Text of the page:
A simple fact: humans – and all animals, for that matter – require calories to maintain their weight and the functioning of vital organs.
A not-so-simple fact: the amount of calories each human requires each day is unique to that person and may be as low as 1,200 calories or as high as 12,000 calories (reportedly the amount Michael Phelps was consuming while training for the 2008 Olympics). Your daily total expenditure depends on a number of factors, including your BMR, genetics, gender, age, weight, lean muscle mass, diet, hormone function, and activity level.
Avoid overly processed foods.
Processed foods, like the aforementioned burgers and pizzas, are often packed with excess sodium, sugars, saturated fat, and trans fats, which have been linked to to cardiovascular disease, stroke, high cholesterol, diabetes, and certain cancers. Totino’s has a pizza with a whopping 5 grams of trans fat; the Double Double Animal Style from In-n-Out has 18 grams of saturated fat; and the Hungry-Man Boneless Pork Rib Dinner has 65 grams of sugar (that’s about 16 teaspoons). Just because an elite athlete is easily burning off all of these calories does not give them free reign to eat all the junk food they want: their bodies are still absorbing excess trans fats, saturated fats, sugars, and sodium that will ultimately hurt their health.
You can still eat fast food; just pick healthier restaurants, like Chipotle, Panera, Noodles & Company, and Subway. At Chipotle, for example, you can order a chicken burrito bowl with brown rice, black beans, corn salsa, pico de gallo, cheese, and guacamole for 785 calories, 43 grams fat (most of which comes from the healthy monounsaturated kind found in the guacamole), 22 grams of fiber, and 56 grams of protein. Add a tortilla and a side salad, and you can stretch the burrito into two meals for less than $8.
Get more bang for your buck.
The goal is to find cheap foods that don’t just offer the most calories per dollar – but also the most nutrients per dollar. These staples are cheap, nutrient-rich, and, if doubled or tripled in serving size and balanced with other macronutrients, offer enough calories to become a meal.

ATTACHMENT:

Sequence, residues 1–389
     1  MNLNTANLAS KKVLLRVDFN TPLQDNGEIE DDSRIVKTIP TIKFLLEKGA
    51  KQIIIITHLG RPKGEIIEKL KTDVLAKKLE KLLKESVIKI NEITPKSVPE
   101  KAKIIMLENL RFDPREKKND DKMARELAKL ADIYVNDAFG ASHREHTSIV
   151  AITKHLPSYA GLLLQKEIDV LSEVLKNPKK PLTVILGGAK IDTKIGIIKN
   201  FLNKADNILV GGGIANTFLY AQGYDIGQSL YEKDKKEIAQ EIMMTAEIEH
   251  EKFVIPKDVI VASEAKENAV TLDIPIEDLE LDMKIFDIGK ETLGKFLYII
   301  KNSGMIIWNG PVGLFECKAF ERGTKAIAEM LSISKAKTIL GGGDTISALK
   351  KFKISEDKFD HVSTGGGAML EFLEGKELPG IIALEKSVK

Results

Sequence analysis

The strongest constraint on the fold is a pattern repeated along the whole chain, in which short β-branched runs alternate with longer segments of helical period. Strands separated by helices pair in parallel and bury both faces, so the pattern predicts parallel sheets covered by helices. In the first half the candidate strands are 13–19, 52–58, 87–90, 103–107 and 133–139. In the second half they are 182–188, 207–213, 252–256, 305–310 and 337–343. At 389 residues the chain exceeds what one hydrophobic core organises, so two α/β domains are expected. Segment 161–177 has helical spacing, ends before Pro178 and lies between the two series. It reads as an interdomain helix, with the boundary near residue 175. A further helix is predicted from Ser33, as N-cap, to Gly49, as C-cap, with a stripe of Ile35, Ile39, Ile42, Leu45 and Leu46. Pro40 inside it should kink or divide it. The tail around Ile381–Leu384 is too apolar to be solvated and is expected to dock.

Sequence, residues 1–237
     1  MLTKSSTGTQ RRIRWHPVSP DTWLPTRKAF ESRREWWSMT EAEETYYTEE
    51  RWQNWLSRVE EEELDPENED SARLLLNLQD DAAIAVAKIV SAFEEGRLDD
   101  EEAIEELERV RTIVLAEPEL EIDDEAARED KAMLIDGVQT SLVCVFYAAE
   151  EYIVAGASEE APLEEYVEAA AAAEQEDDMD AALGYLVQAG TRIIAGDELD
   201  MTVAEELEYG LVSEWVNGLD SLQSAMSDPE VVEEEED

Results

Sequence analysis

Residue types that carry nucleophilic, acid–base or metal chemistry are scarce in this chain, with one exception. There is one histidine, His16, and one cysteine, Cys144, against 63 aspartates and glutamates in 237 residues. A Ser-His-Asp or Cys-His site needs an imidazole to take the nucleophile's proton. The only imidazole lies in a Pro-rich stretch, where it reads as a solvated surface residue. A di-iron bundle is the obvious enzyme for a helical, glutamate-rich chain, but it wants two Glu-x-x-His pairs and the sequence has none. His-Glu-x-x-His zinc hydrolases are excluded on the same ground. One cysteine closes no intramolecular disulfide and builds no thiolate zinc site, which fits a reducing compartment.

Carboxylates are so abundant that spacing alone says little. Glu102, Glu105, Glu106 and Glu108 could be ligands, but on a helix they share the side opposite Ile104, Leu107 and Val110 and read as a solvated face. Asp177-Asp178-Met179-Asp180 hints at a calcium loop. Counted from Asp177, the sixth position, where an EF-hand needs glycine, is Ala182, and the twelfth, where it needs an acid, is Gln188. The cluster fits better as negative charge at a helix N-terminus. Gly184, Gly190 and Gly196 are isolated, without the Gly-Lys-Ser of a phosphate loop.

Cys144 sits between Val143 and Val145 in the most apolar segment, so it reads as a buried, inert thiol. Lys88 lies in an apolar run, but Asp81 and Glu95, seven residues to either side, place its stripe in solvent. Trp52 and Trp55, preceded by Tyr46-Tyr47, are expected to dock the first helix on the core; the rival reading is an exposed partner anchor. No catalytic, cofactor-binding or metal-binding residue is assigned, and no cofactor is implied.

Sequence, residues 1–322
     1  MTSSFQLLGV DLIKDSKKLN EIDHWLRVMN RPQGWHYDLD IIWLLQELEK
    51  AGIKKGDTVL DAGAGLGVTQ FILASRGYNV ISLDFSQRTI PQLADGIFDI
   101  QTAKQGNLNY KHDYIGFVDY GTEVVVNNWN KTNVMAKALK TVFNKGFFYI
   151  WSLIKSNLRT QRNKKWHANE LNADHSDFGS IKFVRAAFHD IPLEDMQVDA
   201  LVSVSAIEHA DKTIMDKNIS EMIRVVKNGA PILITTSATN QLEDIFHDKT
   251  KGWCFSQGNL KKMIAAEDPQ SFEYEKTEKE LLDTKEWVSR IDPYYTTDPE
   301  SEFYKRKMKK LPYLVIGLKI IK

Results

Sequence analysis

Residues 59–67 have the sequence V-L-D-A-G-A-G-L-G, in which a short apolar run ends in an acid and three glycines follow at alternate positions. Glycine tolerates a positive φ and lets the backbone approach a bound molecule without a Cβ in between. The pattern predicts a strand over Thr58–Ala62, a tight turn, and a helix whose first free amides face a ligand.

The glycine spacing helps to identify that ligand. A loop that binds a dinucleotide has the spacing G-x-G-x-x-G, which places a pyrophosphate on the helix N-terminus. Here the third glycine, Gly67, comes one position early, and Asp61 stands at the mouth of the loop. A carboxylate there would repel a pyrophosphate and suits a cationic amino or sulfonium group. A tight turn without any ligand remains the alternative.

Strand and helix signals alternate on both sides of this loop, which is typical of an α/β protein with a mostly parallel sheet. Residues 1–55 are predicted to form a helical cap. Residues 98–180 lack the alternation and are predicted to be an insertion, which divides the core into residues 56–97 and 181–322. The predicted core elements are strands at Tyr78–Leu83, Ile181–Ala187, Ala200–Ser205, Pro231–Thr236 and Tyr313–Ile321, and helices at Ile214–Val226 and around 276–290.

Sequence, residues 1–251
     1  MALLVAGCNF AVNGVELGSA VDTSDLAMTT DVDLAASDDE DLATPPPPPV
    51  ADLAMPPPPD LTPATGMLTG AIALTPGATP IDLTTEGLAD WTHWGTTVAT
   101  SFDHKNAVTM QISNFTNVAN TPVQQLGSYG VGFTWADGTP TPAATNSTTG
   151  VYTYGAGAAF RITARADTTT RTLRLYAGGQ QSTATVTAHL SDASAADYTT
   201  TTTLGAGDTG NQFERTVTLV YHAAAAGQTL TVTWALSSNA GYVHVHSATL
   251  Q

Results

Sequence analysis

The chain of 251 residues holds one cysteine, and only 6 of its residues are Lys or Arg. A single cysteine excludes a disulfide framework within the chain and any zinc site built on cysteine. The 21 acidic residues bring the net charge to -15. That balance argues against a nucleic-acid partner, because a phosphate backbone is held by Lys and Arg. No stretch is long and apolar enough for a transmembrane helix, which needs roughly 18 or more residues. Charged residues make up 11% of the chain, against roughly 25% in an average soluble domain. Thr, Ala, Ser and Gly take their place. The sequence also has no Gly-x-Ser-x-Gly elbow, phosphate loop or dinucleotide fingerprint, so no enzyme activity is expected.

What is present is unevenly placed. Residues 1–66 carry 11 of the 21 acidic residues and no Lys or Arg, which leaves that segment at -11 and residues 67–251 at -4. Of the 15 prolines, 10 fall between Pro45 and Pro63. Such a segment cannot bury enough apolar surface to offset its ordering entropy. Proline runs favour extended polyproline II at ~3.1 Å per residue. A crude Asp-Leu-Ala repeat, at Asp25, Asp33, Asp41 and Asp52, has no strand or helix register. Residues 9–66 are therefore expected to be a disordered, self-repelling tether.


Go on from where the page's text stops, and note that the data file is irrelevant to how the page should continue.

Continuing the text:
172 calories, 2.8 g fat, 3 g fiber, 6 g protein
Brown rice and other grains cost about half as much as quinoa, but they also come up short in nutrition with fewer grams of fiber and protein. And unlike brown rice, quinoa is a complete protein, containing all 9 essential amino acids. A 2002 study also found that quinoa consumption is associated with a spike in insulin-like growth factor-1 levels, which have been tied to muscle growth. It also contains more vitamins and minerals that boost performance and recovery, including magnesium, potassium, and folate.
170 calories, .5 g fat, 15 g fiber, 12.5 g protein
Lentils contain resistant starch, a type of soluble fiber that increases satiety and reduces the glycemic responses of food, helping your body maintain a stable blood sugar. Lentils are also a good vegetarian source of iron, which plays an important role in energy production and metabolism.
Eggs: $.17/1 egg
80 calories, 5 g fat, 0 g fiber, 7 g protein
Eggs are officially off of nutrition’s blacklist. A comprehensive study from the University of Surrey found that egg consumption did not significantly contribute to raised cholesterol levels. Eggs, one of the highest quality forms of protein, also contain an ideal proportion of amino acids, making them a smart post-workout meal.